Modern readers will immediately recognize that this was not a lesson lost on the entertainment industry. Nowadays, the serial format has spread to children's programming and high-budget prime time shows. The most widely watched shows in the history of television, remain the "Who Killed JR?" installment of Dallas, and the final episode of M*A*S*H, both of which were premised on a "what happens next?" format. Even feature films, like the Star Wars and Back to the Future trilogies, are now produced as serials, in order to lock in a viewership for the later installments. The humble daytime soap also retains its addictive qualities in the current age: 70% of all American women over eighteen now watch at least two of these shows each day, and there is a fast-growing viewership among men and college students of both sexes.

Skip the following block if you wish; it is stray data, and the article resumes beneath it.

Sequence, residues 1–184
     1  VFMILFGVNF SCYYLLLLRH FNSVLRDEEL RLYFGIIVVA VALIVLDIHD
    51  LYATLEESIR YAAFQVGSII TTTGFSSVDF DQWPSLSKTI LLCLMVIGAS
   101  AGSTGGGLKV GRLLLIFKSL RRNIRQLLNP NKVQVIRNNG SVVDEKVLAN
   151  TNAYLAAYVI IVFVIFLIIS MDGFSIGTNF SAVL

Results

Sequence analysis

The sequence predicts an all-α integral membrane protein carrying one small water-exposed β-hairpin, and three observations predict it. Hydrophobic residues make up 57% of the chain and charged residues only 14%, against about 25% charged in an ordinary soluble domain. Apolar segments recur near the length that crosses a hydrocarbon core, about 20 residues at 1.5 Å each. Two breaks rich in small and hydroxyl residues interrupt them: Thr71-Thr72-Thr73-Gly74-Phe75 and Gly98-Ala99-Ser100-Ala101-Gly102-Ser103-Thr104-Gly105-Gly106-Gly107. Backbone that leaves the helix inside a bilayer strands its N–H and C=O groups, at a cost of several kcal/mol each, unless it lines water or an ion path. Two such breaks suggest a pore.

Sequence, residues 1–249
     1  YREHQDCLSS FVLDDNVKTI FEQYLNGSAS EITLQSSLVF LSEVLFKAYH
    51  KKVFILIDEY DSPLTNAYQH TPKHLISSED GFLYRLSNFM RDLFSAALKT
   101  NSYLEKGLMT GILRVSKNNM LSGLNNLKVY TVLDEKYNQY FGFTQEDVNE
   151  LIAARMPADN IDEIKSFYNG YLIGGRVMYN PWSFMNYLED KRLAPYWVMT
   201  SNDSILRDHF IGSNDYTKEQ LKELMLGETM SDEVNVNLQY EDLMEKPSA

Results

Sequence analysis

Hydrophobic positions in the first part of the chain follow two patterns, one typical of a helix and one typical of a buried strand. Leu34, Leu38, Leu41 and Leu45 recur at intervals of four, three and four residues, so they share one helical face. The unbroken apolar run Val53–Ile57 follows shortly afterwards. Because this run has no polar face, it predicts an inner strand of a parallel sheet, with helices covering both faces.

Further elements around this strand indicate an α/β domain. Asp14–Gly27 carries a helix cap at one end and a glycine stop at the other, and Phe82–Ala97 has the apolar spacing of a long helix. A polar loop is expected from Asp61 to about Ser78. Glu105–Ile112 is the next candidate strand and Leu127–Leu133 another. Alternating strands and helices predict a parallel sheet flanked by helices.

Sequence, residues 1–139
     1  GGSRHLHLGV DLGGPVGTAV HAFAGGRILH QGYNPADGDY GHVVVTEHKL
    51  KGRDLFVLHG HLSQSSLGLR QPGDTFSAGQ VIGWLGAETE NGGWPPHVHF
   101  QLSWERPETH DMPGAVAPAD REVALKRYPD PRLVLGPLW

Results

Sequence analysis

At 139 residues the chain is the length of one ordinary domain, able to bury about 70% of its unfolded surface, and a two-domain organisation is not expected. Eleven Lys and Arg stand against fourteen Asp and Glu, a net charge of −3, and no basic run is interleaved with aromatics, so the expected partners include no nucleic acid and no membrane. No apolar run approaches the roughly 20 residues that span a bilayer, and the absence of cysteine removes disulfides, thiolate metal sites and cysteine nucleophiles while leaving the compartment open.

The Radio Project's next major study was an investigation into the effects of Orson Welles' Halloween 1938 radioplay based on H.G. Wells' War of the Worlds. Six million people heard the broadcast realistically describing a Martian invasion force landing in rural New Jersey. Despite repeated and clear statements that the show was fictional, approximately 25% of the listeners thought it was real, some panicking outright. The Radio Project researchers found that a majority of the people who panicked did not think that men from Mars had invaded; they actually thought that the Germans had invaded.